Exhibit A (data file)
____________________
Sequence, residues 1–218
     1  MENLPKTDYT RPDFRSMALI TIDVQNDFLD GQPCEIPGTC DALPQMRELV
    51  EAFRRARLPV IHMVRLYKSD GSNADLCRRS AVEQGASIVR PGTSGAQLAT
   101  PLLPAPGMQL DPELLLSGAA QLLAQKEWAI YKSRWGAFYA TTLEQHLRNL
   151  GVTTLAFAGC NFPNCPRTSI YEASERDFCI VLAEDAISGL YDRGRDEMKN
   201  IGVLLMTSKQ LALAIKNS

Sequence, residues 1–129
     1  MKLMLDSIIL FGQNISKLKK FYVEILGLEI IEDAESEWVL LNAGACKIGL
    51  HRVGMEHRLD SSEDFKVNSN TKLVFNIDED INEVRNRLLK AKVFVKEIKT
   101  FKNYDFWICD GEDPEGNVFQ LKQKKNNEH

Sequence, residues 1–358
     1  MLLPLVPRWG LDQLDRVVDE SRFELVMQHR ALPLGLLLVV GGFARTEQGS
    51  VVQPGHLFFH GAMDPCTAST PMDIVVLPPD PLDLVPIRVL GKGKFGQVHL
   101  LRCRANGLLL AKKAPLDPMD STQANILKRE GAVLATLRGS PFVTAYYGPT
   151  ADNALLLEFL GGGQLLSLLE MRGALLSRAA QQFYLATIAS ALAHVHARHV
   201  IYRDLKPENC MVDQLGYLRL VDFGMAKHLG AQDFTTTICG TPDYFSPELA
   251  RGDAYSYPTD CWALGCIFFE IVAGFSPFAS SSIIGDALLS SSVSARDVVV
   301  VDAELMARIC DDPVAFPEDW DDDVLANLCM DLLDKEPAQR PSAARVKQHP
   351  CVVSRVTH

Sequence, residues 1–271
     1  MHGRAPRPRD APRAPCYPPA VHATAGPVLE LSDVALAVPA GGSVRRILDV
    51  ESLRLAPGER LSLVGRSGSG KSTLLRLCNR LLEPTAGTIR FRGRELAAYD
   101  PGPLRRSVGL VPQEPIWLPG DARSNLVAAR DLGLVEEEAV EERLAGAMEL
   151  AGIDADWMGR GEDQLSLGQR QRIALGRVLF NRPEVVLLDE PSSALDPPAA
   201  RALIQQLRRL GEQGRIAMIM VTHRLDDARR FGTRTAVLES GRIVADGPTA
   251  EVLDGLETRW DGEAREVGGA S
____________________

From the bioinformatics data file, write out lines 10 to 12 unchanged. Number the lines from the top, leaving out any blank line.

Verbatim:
   101  FKNYDFWICD GEDPEGNVFQ LKQKKNNEH

Sequence, residues 1–358
     1  MLLPLVPRWG LDQLDRVVDE SRFELVMQHR ALPLGLLLVV GGFARTEQGS